While it's extremely rare for a child to be admitted to the hospital after choking on food, tiny toy pieces or some other foreign body, young patients are "surprisingly likely" to die in the hospital, a new national study shows.
Dr. Rahul K. Shah of the Children's National Medical Center at The George Washington University Medical Center in Washington, DC, and colleagues found that about one in thirty children hospitalized for choking die.
The findings underscore the importance for parents of prevention, the researcher told Reuters Health. However, he added, parents should also know that if their child starts choking, "you certainly have time for the child to come to the hospital to be properly evaluated."
Parents or caregivers should first call 911, he advised, so emergency medical technicians can either treat the child or determine if he or she needs to go to the hospital.
About 2.5 million kids in the United States choke on foreign bodies each year, Shah and his team note in the Archives of Otolaryngology-Head & Neck Surgery, while as many as 2,000 children may choke to death every year.
Consumer Product Safety Commission (CPSC) regulations on children's products have cut down on choking and choking deaths among children, they add; "however, the number of mortalities associated with these cases remains unacceptably high."
What's more, they add, one-quarter of products responsible for choking deaths actually meet CPSC standards.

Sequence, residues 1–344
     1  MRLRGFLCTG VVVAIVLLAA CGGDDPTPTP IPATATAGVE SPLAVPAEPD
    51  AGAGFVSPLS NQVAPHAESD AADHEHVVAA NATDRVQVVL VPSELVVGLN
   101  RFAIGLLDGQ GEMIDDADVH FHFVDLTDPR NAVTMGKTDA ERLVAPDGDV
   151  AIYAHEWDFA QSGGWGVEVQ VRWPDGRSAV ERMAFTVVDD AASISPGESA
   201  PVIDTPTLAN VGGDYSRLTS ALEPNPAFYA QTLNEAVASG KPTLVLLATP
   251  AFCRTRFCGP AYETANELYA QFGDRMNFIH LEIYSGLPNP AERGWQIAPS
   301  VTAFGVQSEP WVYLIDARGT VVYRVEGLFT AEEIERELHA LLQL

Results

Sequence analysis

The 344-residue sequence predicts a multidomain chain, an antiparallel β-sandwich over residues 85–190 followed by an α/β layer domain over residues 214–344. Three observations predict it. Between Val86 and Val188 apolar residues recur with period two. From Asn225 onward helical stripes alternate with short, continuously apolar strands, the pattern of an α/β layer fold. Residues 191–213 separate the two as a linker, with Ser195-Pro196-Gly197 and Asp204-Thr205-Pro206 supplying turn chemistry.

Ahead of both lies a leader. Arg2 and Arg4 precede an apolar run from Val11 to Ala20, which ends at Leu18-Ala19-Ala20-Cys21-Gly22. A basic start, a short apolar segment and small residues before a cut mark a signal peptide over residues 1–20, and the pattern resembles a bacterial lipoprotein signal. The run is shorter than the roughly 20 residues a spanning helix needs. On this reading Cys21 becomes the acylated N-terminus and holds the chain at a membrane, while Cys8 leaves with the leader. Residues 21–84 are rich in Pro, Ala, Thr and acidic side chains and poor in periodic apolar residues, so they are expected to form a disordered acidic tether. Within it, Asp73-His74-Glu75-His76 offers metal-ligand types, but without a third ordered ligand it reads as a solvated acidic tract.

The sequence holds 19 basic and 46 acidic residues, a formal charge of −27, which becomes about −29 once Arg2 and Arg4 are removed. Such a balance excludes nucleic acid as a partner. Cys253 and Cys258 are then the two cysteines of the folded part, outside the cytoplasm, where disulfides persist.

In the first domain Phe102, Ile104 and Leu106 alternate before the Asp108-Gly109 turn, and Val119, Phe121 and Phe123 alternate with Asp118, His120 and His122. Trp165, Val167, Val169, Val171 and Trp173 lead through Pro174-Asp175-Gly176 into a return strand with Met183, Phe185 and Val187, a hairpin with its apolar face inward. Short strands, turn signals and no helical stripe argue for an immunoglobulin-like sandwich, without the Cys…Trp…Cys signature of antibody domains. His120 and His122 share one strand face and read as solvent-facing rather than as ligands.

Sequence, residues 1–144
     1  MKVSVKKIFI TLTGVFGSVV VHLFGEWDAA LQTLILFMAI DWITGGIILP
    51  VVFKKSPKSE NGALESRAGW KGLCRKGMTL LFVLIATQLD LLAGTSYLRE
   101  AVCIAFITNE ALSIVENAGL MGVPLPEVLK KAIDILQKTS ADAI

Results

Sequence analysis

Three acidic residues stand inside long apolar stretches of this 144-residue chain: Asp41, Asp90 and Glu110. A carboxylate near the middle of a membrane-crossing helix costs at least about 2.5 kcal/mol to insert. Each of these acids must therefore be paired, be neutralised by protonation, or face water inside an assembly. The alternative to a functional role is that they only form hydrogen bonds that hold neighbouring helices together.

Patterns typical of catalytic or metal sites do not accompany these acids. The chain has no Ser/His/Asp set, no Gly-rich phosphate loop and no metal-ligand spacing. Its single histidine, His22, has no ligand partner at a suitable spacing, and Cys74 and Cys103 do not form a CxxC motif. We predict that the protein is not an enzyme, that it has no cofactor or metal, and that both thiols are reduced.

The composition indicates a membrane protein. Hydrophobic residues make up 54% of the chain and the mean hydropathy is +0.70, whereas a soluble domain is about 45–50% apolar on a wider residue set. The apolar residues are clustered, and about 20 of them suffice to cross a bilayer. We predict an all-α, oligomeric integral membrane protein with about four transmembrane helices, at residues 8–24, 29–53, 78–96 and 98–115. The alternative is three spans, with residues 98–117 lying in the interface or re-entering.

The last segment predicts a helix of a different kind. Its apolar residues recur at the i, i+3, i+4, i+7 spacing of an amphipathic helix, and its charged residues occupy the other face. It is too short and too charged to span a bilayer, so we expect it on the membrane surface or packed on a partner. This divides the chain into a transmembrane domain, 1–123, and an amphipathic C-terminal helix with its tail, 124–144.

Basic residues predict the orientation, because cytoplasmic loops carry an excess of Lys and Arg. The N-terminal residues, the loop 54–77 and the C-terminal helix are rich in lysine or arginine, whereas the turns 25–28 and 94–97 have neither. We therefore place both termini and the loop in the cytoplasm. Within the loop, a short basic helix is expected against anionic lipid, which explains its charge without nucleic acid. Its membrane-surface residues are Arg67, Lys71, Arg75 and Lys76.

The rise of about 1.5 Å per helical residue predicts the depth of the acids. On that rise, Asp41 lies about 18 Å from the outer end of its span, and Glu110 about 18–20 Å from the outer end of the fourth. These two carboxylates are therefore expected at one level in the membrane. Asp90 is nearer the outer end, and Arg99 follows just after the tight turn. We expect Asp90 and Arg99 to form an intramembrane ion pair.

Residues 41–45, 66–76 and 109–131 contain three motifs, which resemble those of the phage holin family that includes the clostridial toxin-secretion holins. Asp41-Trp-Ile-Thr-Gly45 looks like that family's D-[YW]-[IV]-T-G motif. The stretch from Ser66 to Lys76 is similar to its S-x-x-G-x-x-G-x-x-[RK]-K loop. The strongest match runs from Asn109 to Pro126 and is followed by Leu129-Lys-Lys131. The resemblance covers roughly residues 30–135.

To better understand how doctors handle choking on foreign bodies among young children, Shah and his team looked at the Kids Inpatient Database 2003, which sampled pediatric discharges from 3,438 hospitals in 36 states. The database included nearly 3 million discharges, and almost 2,800 admissions due to choking on a foreign body.
About 60 percent of the children were boys. The foreign objects involved were food in about 40 percent of cases, and non-food in the remaining 60 percent. Average age for children who choked on food was 2.5, while children who choked on objects other than food were 4.3 years old, on average. However, 55 percent of the patients were younger than two.
Kids spent an average of about six days in the hospital, and underwent two procedures, on average; the procedures performed most often were bronchoscopy (in which an instrument is inserted into the airways to visualize and remove the object, 52 percent), esophagoscopy (a similar procedure to visualize and remove objects within the esophagus, 28 percent) and tracheotomy (in which a hole is cut in the windpipe to allow the child to breathe, 2 percent).
Bronchoscopies actually found the foreign object in just 37 percent of cases, while for esophagoscopy 46 percent did.
Parents are fairly well aware that it's important not to let young children eat things they can choke on, like whole grapes, Shah noted. Food should always be cut up into pieces no larger than a half-inch across, according to the American Academy of Pediatrics.
Toys that represent choking hazards should carry labels stating that children younger than three shouldn't play with them, the researcher noted, but the current findings suggest that older children may also be at risk. Parents need to be vigilant about potential hazards, even if they think their child is past the age of putting things in his or her mouth, he added.
"You don't want to let your guard down, because they are still kids."